Storm plugin for Wukong
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The Hadoop plugin for Wukong lets you run Wukong processors and dataflows as Storm topologies reading data in and out from Kafka.

Before you use Wukong-Storm to develop, test, and write your Hadoop jobs, you might want to read about Wukong, write some simple processors, and read about some of Storm's core concepts.

You might also want to check out some other projects which enrich the Wukong and Hadoop experience:

  • wukong-hadoop: Run Wukong processors and dataflows as mappers and/or reducers within the Hadoop framework. Model jobs locally before you run them.
  • wukong-load: Load the output data from your local Wukong jobs and flows into a variety of different data stores.
  • wukong-deploy: Orchestrate Wukong and other wu-tools together to support an application running on the Infochimps Platform.

Installation & Setup

Wukong-Storm can be installed as a RubyGem:

$ sudo gem install wukong-storm

If you actually want to run your dataflows as functioning Storm topologies reading/writing to/from Kafka, you'll of course need access to Storm and Kafka installations. Ironfan is a great tool for building and managing Storm clusters and other distributed infrastructure quickly and easily.

To run Storm jobs through Wukong-Storm, you'll need to move your your Wukong code to each worker of the Storm cluster, install Wukong-Storm on each, and log in and launch your job fron one of them. Ironfan again helps with configuring this.

Anatomy of a running topology

Storm defines the concept of a topology. A topology contains spouts and bolts. A spout is a source of data. A bolt processes data. Bolts can be connected to each other and to spouts in arbitrary ways.

Tooplogies submitted to Storm's Nimbus but run within a Storm supervisor. Each supervisor can dedicate a certain number of workers to a topology. Within each worker, parallelism controls the number of threads the worker assigns to the topology.

Wukong-Storm runs each Wukong dataflow as a single bolt within a single topology. Data is passed to this bolt over STDIN and collected over STDOUT, similar to the way Hadoop streaming operates.

This topology is hooked up to a storm.kafka.trident.OpaqueTridentKafkaSpout (part of storm-contrib) which reads from a single input topic within Kafka.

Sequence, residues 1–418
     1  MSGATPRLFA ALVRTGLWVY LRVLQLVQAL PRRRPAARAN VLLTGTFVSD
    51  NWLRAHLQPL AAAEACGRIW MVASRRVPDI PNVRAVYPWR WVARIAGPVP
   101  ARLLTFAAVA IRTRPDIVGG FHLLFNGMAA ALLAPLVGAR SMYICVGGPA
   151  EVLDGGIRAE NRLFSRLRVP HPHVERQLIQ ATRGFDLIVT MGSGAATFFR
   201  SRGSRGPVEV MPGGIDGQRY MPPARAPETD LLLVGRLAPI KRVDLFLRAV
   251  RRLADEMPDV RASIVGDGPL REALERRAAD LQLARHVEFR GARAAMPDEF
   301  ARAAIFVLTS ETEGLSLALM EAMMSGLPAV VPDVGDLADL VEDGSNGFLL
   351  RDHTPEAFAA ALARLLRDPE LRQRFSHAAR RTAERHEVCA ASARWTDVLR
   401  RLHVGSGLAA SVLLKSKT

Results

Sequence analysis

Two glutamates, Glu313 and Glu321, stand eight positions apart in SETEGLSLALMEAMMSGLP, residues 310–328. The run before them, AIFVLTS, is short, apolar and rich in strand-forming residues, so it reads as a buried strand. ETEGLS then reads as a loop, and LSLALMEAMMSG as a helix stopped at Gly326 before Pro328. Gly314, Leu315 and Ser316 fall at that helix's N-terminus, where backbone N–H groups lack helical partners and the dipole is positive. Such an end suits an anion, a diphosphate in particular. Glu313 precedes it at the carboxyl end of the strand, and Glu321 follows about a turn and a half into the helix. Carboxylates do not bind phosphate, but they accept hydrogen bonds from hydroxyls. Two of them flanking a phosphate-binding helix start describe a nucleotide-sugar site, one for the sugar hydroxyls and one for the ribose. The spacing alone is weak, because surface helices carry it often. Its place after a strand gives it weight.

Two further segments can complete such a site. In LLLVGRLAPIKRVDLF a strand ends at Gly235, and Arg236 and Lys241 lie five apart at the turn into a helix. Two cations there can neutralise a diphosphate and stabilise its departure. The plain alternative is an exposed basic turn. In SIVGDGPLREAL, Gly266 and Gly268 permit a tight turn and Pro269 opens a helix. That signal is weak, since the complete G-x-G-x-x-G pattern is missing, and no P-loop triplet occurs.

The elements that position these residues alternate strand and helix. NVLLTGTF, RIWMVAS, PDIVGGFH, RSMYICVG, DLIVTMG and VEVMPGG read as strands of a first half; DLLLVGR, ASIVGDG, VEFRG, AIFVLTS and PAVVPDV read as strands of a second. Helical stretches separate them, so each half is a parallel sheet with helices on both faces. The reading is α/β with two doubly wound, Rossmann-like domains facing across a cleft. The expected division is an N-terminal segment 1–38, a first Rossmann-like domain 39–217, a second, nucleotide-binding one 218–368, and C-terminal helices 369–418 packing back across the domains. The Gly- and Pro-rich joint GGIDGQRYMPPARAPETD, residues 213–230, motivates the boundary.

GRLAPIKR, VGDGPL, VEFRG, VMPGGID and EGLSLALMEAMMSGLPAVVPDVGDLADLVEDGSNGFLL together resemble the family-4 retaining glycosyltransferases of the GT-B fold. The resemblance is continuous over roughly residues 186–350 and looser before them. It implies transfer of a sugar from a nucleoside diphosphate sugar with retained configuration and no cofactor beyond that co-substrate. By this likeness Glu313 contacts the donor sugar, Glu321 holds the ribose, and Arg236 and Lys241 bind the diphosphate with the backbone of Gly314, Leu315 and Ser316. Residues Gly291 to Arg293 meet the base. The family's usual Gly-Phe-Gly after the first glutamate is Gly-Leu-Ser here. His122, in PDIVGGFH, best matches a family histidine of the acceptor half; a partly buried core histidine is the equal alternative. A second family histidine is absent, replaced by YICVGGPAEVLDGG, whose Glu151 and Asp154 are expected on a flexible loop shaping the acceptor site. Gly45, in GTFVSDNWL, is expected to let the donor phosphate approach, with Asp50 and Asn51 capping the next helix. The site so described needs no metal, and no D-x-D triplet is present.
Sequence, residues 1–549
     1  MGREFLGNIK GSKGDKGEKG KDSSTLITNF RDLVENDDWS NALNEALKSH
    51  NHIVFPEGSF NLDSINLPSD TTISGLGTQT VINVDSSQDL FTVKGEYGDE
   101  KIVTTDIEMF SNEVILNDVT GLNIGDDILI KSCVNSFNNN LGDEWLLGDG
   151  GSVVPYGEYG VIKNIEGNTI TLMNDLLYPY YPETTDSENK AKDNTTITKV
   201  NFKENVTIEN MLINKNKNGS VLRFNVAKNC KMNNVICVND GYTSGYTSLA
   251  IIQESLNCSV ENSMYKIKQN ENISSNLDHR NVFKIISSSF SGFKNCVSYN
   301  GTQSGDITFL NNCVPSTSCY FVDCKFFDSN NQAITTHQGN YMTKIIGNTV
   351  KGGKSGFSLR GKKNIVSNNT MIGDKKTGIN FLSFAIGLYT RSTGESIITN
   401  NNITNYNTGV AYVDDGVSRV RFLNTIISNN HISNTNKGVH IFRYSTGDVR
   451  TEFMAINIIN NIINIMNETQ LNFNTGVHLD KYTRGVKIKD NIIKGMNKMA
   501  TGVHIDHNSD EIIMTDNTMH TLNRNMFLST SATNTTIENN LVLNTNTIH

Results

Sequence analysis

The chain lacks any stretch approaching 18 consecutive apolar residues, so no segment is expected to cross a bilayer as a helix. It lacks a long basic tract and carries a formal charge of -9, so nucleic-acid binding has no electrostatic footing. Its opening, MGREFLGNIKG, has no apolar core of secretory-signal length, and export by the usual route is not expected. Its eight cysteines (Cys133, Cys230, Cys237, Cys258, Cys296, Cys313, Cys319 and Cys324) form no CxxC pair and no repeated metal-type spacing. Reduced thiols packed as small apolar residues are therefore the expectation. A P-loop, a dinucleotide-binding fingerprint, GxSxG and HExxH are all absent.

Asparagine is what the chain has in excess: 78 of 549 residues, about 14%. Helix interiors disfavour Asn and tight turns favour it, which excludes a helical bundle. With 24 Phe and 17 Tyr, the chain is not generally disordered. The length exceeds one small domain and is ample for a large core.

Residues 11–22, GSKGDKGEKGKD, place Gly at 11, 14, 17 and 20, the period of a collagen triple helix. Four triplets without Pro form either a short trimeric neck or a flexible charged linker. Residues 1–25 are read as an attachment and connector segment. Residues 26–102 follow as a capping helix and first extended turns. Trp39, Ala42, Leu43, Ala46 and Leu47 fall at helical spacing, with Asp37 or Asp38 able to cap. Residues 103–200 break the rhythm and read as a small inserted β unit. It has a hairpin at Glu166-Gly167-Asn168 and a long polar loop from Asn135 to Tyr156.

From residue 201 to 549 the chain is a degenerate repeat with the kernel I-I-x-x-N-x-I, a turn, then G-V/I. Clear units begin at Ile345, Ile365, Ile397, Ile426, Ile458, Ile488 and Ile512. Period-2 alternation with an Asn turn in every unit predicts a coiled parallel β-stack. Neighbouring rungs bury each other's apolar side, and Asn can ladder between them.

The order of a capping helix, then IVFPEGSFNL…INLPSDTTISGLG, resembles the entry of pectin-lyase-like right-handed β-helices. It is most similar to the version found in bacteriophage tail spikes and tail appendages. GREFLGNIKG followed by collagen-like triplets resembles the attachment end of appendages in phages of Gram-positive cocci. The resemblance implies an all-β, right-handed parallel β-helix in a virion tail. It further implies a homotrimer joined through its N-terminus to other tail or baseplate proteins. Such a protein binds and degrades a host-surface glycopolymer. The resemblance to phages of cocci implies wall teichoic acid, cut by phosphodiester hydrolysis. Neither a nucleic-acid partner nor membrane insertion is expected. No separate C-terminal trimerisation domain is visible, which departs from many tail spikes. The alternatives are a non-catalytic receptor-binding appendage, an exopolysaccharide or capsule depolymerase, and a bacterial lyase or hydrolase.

Output records are written to a default Kafka topic but this can be overridden on a per-record basis.

Communication protocol

A Wukong dataflow launched within Storm runs as a single bolt (see com.infochimps.wukong.storm.SubprocessFunction). This bolt works by launching an arbitrary command-line and sending it records over STDIN and reading its output over STDOUT. The SubprocessFunction class expects whatever command it launched to obey a protocol under which the output after each input consists of each output record followed by a newline, with the full batch of output records followed by a batch terminator (default: ---) then another newline.

Wukong-Storm comes with a command wu-bolt which works very similarly to wu-local but implements this protocol. Here's an example of using wu-bolt directly with a processor:

$ echo 2 | wu-bolt prime_factorizer.rb
$ echo 12 | wu-bolt prime_factorizer.rb
$ echo 19 | wu-bolt prime_factorizer.rb

Notice that in the last example, the presence of the batch delimiter after each input record make it easy to tell the difference between "no output records" and "no output records yet" which, over STDIN/STDOUT, is rather hard to tell otherwise.

Running a dataflow

A simple processor

Assuming you have correctly installed Wukong-Storm, Storm, Kafka, Zookeeper, &c., and you have defined a simple dataflow (or in this case, just a single processor) like this:

# in upcaser.rb
Wukong.processor(:upcaser) do
  def process line
    yield line.upcase

Then you can launch it directly into Storm:

$ wu-storm upcaser.rb --input=some_input_topic --output=some_output_topic

If a topology named upcaser already exists, you'll get an error. Add the --rm flag to first kill the running topology before launching the new one:

$ wu-storm upcaser.rb --input=some_input_topic --output=some_output_topic --rm

The default amount of time to wait for the topology to die is 300 seconds (5 minutes), just like the storm kill command (which is used under the hood). When debugging a topology in development, it's helpful to add --wait=1 to immediately kill the topology.

See exactly what happened behind the scenes by adding the --dry_run flag which will print commands and not execute them:

$ wu-storm upcaser.rb --input=some_input_topic --output=some_output_topic --rm --dry_run

A more complicated example

Say you have a dataflow:

# in my_flow.rb
Wukong.dataflow(:my_flow) do
  my_parser | does_something | then_something_else | to_json

You can launch it using a different topology name as well as target arbitrary locations for your Zookeeper, Kafka, and Storm servers:

$ wu-storm my_flow.rb --name=my_flow_attempt_3 --zookeeper_hosts=, --kafka_hosts= --nimbus_host= --input=some_input_topic --output=some_output_topic

Running non-Wukong or non-Ruby code

You can also use Wukong-Storm as a harness to run non-Wukong or non-Ruby code. As long as you can specificy a command-line to run which supports the communication protocol, then you can run it with wu-storm:

$ wu-storm --bolt_command='my_cmd --some-option=value -af -q 3' --input=some_input_topic --output=some_output_topic

Scaling options

Storm provides several options for scaling up or down a topology. Wukong-Storm makes them accessible at launch time via the following options:

  • --workers specify the number of workers (a.k.a. "executors" or "slots") for the topology. Defaults to 1.
  • --input_parallelism specify the number of threads within the spout reading from Kafka within each worker. Defaults to 1.
  • --parallelism specify the number of threads within the bolt running Wukong code within each worker. Defaults to 1.